Begun in the Motown basement of Mr. Perry Dorrance in 1935, the Detroit Model Railroad Club is the eighth-oldest club in the United States, and will celebrate its 80th anniversary in the coming year. The Detroit Union Railroad model fills nearly the entire space of the building. Only the balcony in the back is left open for the dispatch center and the club’s extensive model railroading library. The club’s building plays a very important role in the railroad’s set-up. “This building was a movie theater, so the floor slopes downward. When we purchased it, we were going to build up the floor to make it level, but a few of our more forward-thinking members saw how we could make the grade work to our advantage.” Instead of building up the floor, the members built the track horizontally so that the sloping floor underneath it allows members to navigate through the railroad’s extensive infrastructure with relative ease, “although it gets more difficult the more we age,” Dave laughed. While the club boasts 75 members of all ages, “our median hovers in the retirement age group,” Dave quipped.
Precision is the name of the game at the Detroit Model Railroad Club. Every Tuesday, the club’s members work all day, constructing new track and scenery, operating and maintaining the railroad’s components, and making plans for the future. The members are meticulous in every aspect of their railroad’s creation and operation. A single foot of track is composed of 25 miniature cross ties – made only of basswood lumber because of its fine grain and durability – with four tiny rail spikes per cross-tie to hold down the miniature steel rails. Even if you’re quick with needle-nosed pliers, it still takes three hours to build, Dave said wryly, but the results are phenomenal. Although the railroad is miniature, it’s not delicate. “We can walk on the track if we have to,” Dave said with pride. The railroad has over a mile of track – 6,000 feet to be precise – built in O scale, wherein ¼ inch is equivalent to one foot. In scale, that’s 54 miles. (It’s also 18,000 hours of manual labor invested into just the laying of the track, but who’s counting?)
The same amount of attention is given to the railroad’s design, wiring, scenery and operation. “Members tend to work on what interests them the most,” Dave said, “A lot of what we do here is just for ourselves, because we love it, especially the track’s design. We like to make it challenging to operate.” In this spirit, the model railroad consists of both standard and narrow gage track, a reflection of historical tracks in American railroad history. “The narrow gage tracks had their day in the sun because they traversed the steep gradients of the American Rocky Mountains better than standard gage and were less expensive to build,” Dave explained. Speaking of steep gradient, the model railroad contains seven and a half feet of elevation change, which is 360 feet in scale. “In the model railroad world, we have a pretty impressive track,” Dave said with a chuckle. The club’s newest project is the construction of a model Detroit Union Station, which will include a staggering 14 lines of track and room to make even longer trains.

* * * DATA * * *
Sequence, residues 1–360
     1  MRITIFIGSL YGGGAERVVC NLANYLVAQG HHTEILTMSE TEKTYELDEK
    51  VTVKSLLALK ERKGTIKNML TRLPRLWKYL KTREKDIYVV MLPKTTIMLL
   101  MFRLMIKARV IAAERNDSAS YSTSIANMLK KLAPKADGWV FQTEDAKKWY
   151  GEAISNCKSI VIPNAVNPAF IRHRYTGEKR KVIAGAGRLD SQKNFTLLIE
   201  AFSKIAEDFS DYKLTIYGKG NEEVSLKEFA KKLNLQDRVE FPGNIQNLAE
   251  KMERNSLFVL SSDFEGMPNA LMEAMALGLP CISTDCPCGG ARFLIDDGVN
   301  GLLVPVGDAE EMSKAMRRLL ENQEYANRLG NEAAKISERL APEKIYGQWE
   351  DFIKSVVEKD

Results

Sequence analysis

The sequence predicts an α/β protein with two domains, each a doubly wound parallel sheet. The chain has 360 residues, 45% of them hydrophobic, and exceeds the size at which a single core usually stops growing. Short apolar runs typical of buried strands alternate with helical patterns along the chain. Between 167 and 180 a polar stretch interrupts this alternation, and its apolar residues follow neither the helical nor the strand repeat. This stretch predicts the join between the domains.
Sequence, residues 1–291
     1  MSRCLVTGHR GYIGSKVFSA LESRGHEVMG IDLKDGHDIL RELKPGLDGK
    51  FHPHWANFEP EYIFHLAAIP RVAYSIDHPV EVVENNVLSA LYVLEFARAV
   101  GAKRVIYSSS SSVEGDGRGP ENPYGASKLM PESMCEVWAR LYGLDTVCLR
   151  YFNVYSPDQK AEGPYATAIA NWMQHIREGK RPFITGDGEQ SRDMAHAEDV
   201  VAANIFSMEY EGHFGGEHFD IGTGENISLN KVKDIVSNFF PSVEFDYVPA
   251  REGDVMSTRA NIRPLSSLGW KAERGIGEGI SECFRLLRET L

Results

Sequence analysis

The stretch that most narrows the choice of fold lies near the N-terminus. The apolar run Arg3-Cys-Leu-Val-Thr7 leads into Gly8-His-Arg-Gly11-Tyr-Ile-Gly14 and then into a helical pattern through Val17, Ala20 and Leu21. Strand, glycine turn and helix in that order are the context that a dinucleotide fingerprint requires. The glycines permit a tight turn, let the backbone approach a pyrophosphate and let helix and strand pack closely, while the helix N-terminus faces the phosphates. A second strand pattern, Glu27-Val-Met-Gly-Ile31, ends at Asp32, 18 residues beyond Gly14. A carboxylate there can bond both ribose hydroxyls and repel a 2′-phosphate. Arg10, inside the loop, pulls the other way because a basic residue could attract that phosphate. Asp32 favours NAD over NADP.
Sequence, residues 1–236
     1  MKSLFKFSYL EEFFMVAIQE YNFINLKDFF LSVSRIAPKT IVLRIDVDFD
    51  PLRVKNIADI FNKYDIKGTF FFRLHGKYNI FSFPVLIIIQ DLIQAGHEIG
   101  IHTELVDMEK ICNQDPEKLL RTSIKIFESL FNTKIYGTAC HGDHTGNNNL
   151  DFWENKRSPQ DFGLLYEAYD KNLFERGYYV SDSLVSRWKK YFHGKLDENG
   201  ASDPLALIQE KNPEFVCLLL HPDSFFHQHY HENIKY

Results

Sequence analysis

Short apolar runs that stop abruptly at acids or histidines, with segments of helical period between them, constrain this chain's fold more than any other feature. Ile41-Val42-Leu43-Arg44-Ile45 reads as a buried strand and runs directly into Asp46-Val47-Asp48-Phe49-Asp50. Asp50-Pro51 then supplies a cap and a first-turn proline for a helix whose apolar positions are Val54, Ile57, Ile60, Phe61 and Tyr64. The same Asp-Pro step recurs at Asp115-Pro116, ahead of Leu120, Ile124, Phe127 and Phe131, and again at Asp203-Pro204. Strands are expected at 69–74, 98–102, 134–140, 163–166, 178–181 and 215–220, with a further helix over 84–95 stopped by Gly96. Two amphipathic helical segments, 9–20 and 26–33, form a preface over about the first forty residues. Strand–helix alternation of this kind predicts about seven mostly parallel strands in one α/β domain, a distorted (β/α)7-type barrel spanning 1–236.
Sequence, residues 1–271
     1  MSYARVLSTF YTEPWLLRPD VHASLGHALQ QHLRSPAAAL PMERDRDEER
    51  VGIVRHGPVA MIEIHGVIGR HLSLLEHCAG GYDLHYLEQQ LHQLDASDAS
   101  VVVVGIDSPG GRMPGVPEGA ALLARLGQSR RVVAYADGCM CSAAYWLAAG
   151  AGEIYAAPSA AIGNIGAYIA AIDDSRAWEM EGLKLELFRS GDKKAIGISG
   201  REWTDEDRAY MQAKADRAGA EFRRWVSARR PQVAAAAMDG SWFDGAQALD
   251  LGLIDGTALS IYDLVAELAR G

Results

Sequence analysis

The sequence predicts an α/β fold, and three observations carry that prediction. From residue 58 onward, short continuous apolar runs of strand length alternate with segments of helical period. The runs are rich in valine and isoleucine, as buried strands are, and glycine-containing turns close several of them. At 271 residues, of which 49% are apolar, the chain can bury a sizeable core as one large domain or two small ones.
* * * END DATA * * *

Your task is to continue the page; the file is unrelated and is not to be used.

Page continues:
DMRC President, Dave Thornton says he’s always loved trains. “The first words I ever said were about trains!” he laughed.
Although they do it mostly for themselves, the member’s great love for their hobby is evident to any visitor who takes time to watch the railroad. The trains are mesmerizing, the detail in the scenery is nothing short of astounding, and if you’re lucky enough to be taken underneath the railroad’s framework, the wiring underneath will amaze. With towns and railroad landmarks named after present and past members – Millersburg, Keetington, Duncan Junction, and the City of Dorrance for the club’s founder, Perry Dorrance – the Detroit Union Railroad also embodies the illustrious history of the club. “We’ve even found a way to incorporate historical pieces from our past,” Dave said. “One of the bridges we have on the line is from 1937, only two years after our club’s founding.”
Trouble on the Track: When asked about accidents on the railroad, Dave laughed, “Gee, that’s never happened before!” In fact, Dave himself made a mistake that resulted in an accident during the grand opening of a new track, no less!
In the 80 years since the Detroit Model Railroad Club’s inception, the importance of the railroad in America’s history has declined, but the club’s members continue to keep the tradition and knowledge alive. These men will continue workin’ on the railroad, all the live-long day (at least, on Tuesdays). “We enjoy each other’s company and we just love O scale trains. Basically, this is what happens when you get carried away,” Dave joked. ♦
Photography by Mike Naddeo